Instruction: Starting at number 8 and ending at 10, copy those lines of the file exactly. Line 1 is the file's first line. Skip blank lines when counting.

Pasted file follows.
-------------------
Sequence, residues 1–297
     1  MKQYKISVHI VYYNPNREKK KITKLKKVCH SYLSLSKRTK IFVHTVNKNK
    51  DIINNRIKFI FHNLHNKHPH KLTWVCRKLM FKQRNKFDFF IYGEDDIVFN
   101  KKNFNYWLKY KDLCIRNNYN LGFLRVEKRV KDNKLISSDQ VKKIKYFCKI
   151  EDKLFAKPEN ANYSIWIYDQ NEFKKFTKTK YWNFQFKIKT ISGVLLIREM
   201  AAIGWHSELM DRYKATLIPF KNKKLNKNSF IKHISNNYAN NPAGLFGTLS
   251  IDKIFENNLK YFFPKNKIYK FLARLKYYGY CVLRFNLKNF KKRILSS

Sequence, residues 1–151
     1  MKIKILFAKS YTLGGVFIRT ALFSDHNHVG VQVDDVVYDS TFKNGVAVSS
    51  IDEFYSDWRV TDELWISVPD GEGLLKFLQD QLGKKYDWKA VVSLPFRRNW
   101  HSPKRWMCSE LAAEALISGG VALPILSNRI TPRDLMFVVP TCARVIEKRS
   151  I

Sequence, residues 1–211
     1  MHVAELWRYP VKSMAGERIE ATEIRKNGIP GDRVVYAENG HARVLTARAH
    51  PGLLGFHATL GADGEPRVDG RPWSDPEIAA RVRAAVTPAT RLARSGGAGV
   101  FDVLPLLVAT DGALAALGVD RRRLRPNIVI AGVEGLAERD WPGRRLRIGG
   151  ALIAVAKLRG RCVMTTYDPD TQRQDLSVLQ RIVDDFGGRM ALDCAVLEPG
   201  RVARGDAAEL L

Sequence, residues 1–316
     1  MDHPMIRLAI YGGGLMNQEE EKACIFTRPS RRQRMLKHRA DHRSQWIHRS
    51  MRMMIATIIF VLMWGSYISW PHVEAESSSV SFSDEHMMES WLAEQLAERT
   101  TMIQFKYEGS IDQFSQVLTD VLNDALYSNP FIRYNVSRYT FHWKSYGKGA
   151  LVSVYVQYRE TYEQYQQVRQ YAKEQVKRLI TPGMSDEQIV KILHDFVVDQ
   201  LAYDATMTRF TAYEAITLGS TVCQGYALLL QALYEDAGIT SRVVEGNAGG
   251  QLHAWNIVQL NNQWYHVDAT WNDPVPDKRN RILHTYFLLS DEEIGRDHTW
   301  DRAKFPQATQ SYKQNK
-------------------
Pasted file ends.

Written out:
Sequence, residues 1–151
     1  MKIKILFAKS YTLGGVFIRT ALFSDHNHVG VQVDDVVYDS TFKNGVAVSS
    51  IDEFYSDWRV TDELWISVPD GEGLLKFLQD QLGKKYDWKA VVSLPFRRNW